National Action Plan: Denmark

Flag of Denmark

Denmark launched its first National Action Plan (NAP)  in 2005, making it the first country to develop a NAP.  In 2008, Denmark revised its NAP for the period 2008-2013. The revised NAP was developed by the Inter-Ministerial Working Group comprised of the Ministries of Foreign Affairs, Defense and the Danish National Police. There is no Civil Society representation in this body. In 2014, Denmark revised their national action plan again and adopted a third NAP for the period of 2014-2019.

Denmark has no recent history of conflicts and thus, the Danish NAP has been interpreted in a largely international way, seeking to further mainstream Women, Peace and Security in the context of Denmark’s Humanitarian and peace operations, and peacebuilding and conflict prevention activities at the national, regional (European Union) and international levels.

From a recent academic analysis on Denmark's second national action plan: The revised Danish NAP is much more extensive and includes a section on ‘Achievements and Lessons Learned 2005-2007’. Amongst other lessons it mentions that the first NAP was not monitored comprehensively and thus advocates for a systematic monitoring through an inter-ministry working group. Another key lesson drawn was that the first plan focused mainly on the protection of women and devoted less attention to promoting women’s active participation in conflict solution and peace building. Thus, their second NAP attempts to pursue a more balanced approach in supporting protection and participation. (Miller, Pournik, & Swaine, 2014)

Document PDF: 

Denmark Revised NAP (2008-2013)

Norden in Afghanistan

Denmark analysis: Miller, Pournik, Swaine

Denmark Revised NAP (2014-2019)

WILPF

Denmark’s section of the Women's International League for Peace and Freedom has been involved in a collaborative project between the women's peace organizations in Finland, Norway and Sweden to investigate the Nordic countries' implementations of their respective National Action Plans in the context of the invasion of Afghanistan. The results of this review found that greater research and evidence is required to coordinate and focus the implementation of UNSCR 1325 on the promotion of women’s rights in Afghanistan (see the attached document above).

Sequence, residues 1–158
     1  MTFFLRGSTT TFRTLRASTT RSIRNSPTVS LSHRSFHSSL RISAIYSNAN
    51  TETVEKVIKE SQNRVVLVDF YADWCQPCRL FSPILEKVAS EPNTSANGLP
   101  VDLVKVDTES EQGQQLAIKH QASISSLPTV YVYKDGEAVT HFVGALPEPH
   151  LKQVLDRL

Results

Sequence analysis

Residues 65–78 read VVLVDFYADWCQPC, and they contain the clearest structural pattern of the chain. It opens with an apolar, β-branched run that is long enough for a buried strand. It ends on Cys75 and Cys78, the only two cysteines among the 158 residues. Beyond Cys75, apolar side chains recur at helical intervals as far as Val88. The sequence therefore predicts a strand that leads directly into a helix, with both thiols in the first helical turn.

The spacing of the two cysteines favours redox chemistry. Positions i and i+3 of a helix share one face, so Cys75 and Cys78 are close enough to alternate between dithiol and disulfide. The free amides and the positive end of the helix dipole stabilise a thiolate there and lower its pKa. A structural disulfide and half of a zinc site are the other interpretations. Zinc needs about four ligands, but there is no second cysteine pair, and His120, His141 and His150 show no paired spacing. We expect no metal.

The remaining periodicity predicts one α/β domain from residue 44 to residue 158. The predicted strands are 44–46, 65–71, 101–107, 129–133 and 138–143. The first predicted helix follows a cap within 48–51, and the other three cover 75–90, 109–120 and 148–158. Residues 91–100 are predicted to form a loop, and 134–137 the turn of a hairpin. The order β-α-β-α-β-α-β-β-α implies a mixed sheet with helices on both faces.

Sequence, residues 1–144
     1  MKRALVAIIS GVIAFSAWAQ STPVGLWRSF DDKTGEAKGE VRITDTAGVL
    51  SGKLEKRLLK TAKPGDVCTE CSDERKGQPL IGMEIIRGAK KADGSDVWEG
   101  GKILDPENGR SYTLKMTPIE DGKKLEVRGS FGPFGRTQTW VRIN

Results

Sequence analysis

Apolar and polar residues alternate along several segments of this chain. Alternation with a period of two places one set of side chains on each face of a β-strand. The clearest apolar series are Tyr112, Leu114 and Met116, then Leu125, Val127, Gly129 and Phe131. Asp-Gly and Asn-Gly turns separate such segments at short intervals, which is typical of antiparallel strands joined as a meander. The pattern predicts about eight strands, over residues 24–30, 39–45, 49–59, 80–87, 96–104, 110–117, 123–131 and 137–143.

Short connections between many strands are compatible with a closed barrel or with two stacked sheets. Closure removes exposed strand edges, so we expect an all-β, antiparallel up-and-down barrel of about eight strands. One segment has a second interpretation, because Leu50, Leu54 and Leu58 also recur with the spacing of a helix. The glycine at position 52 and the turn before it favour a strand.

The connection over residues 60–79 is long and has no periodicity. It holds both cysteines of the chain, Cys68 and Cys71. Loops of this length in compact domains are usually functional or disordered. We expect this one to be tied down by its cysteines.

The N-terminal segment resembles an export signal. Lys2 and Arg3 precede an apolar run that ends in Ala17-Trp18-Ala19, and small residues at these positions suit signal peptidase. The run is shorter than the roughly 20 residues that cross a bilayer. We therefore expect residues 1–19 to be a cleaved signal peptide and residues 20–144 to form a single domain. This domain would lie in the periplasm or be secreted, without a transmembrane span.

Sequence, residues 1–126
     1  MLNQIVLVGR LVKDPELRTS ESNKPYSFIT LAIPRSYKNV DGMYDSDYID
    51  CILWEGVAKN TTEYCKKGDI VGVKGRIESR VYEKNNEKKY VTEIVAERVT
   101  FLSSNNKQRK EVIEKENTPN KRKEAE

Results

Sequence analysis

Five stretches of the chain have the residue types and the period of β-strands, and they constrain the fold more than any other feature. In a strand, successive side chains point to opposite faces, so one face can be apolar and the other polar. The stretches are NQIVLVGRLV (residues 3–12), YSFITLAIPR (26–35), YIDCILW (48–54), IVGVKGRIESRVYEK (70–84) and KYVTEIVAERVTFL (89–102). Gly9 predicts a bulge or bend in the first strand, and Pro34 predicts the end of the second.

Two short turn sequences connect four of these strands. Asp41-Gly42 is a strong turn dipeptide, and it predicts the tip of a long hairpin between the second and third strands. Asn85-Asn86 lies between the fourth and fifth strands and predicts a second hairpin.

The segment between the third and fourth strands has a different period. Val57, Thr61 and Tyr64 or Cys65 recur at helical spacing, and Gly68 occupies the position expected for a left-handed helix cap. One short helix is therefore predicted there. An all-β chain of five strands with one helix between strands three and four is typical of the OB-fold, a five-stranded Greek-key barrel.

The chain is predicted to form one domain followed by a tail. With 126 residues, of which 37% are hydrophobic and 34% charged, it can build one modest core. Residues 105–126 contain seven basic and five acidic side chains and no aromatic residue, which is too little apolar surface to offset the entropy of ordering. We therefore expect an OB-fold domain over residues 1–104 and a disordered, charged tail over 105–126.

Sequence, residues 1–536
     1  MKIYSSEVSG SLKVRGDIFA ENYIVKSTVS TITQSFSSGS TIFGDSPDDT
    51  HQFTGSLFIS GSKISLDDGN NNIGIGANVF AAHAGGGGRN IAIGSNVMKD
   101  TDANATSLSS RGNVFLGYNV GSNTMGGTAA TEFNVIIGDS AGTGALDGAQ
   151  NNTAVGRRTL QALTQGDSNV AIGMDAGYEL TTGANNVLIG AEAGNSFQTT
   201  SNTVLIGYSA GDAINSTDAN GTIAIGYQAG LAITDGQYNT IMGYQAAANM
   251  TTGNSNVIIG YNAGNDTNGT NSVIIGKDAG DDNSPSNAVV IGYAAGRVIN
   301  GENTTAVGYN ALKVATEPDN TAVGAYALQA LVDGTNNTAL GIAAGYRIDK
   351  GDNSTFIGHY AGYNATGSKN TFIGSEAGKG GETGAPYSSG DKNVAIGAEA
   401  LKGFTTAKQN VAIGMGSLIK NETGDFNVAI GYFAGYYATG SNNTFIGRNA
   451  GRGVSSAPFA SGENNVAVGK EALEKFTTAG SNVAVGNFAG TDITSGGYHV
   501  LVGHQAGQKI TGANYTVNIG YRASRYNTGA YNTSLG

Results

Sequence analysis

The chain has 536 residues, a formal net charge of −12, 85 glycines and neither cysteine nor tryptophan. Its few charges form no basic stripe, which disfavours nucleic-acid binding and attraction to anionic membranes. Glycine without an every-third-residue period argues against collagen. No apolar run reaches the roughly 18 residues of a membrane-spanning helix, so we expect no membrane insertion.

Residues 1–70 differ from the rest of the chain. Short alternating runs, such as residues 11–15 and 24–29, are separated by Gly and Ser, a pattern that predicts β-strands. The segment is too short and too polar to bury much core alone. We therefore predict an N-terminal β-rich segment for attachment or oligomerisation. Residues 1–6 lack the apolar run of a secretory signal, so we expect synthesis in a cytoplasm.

Civil Society Actors

NAP Development

The revised national action plan, that was developed through a substantial consultative process including the Danish government, civil society and NGOs, has guided the development of the third NAP which outlines the areas that will be given specific attention for the period of 2014 – 2019.

NAP Implementation

The Danish National Police are part of the implementation effort as members of the Inter-Ministerial Working Group (IMWG) representing  the Ministry of Justice.  Civil Society does not have representation in this Working group, but is able to take part in annual dialogue sessions which are to be used as a “forum to exchange views and discuss progress and experiences with implementation”, as described in the second NAP.

Outside formal processes, women’s organizations such as Women in Black and WILPF Denmark have been active in promoting UNSCR 1325 and the inclusion of feminist anti-militarization approaches to its implementation; as well as supporting women’s organizations and networks in their efforts to realize the intent and objectives of UNSCR 1325.

NAP Monitoring and Evaluation

There is no specific mention in the NAP of how civil society will be a part of the monitoring and evaluation process.

 

Government Actors

NAP Development
The revised Danish NAP does not specify any lead agents during the development process.

NAP Implementation
“The interventions of the Danish National Police during the period of 2014-2019 will primarily be a continuation of activities already initiated in the second National Action Plan”. In the second NAP, the role of the Inter-Ministerial Working Group on SCR 1325 was stated as being “responsible for reporting on the implementation of this revised NAP. The IMWG consists of members drawn from the Ministry of Defence, the Ministry of Foreign Affairs and the Ministry of Justice, represented by the Danish National Police."